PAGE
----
My first chance in Pearl, as Senior Aviator of the cruiser, I asked and got an audience with Admiral Sherman of ComAirPac to see if we could keep the planes on an advance atoll somewhere near the ship's operations and thus keep in flying training and combat fighting trim. As it was, the rare times we did fly, I lost two aircraft and one pilot just because they couldn't land under rough conditions and we never had a chance to fly enough to keep sharp. The C.O. of the Mobile went along with this idea, as he hated the planes and the aviation gas which were of no help to him and which constituted a deadly fire menace in fighting his ship. But I was brusquely rebuffed by the brass. I was told the planes had always been helpful on "wagons and carriers" and always would be. The old boys just could not see that the day of seaplanes in the fleet was over, especially with a fast carrier task force in combat conditions. Then I suggested helicopters, which have since proved to be excellent aids to such ships. The admiral looked at me incredulously when I mentioned it. He simply didn't believe in any such foolishness and told me so! He said they would never amount to anything, like the autogyro, for instance.

In despair, I went to my friend at the assignment desk and finally, at long, long last, made it into the air. It wasn't the combat I wanted, but it was next best. Because of my excellent record and experience, I was given command of a large squadron of scout and observer aircraft and pilots for replacement and training for the fleet. I had the best fighters, torpedo bombers and scouts and the latest seaplane, the SC – and plenty of authority, men and equipment. I flew like a mad man, amassing my first real time since the Omaha and was deliciously happy every time I got into the air. I found a squadron of P-47's from the Army at Wheeler and gave them a wild time in the air every time I caught one up. We had F6F's and they were more maneuverable than the heavier 47's. With our Navy training, our lads had little difficulty in riding those Army jockeys all over the sky, and we loved it!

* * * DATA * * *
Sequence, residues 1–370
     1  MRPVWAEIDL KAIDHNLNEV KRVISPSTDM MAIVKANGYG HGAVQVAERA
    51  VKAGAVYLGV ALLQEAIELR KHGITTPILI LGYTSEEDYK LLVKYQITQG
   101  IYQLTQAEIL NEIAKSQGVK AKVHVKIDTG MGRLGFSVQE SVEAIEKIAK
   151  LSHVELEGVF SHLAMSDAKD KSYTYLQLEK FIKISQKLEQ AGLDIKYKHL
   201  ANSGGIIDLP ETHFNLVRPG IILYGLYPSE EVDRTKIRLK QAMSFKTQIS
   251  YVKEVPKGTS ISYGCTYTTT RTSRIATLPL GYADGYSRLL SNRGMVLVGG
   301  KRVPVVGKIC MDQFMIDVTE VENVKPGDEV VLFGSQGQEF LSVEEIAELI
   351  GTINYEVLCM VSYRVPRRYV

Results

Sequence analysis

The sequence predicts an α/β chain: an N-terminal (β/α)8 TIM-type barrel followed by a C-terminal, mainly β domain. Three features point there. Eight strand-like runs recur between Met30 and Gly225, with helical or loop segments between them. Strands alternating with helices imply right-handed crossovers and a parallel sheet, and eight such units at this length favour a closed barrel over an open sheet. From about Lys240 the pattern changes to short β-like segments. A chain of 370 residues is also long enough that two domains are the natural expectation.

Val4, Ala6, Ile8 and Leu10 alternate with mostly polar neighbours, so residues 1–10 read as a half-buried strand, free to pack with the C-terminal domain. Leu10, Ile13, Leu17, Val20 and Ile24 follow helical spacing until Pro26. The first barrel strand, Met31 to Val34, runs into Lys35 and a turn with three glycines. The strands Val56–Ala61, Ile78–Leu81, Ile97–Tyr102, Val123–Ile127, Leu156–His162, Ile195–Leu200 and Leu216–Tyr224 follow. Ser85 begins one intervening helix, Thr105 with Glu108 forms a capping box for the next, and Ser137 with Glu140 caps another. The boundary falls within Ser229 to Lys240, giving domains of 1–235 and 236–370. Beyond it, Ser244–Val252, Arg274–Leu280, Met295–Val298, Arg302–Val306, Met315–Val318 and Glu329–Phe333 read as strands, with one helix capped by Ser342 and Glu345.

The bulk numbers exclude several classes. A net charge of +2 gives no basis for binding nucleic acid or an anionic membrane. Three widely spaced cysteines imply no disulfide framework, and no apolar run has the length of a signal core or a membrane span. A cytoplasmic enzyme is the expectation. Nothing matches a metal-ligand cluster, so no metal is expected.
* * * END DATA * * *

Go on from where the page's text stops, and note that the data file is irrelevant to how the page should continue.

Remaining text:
I got my only black mark on my Navy record while I commanded SOSU-1 at Pearl. Everybody was scrounging all over the Pacific to get movie theaters set up and I had some of the best scrounging chiefs and warrants in the U.S. Navy. Somehow, they produced the ultimate luxury: two big, 35 mm. regular projectors, which enabled us to get the best movies in the area, instead of the little sixteen millimeter outfits and their old films. But what I didn't know was that the 35 millimeter film was dangerously flammable, while the 16 mm. was not, and there were voluminous regulations to guard against fire. it was my duty to know about or look into it, but it didn't occur to me. One day I came back from a night hop to see a plume of flame and smoke over Pearl Harbor and felt my heart flop as I realized it was my main building. The film had caught fire and the whole top floor burned off. I was very properly given a letter of private admonition from the admiral for failure to take precautions against such a catastrophe.

In August of that year, 1945, I was on the roof one evening watching for the return of an overdue plane, when I saw star shells bursting over the cans tied up at the destroyer base. Then whistles began to blow, then yells and shouts. The war was over!

I started downstairs and when I was spied by my junior officers and then, they began to clap me on the back and act like insane idiots. Nor was it long before I caught the spirit of it all. I too, acted like an idiot. As the mob spirit of wild joy spread and mounted to a roaring storm of bursting public passion, people danced and cartwheeled through the streets of Ford Island in the middle of Pearl Harbor. Sailors burst into the WAVE barracks, kissing and hugging as they went, and when the old maid lieutenant in charge protested, she got kissed, too. Most of my uniform was torn off and I wound up on the shoulders of some of my men, almost naked! Toilet paper rolls by the thousands tangled the mob and it was hard to see. Whisky appeared and the riotous crowd began to exceed all bounds. It sickened me after a while and I escaped back to the relative quiet of my own little cottage in the Officers' Quarters section.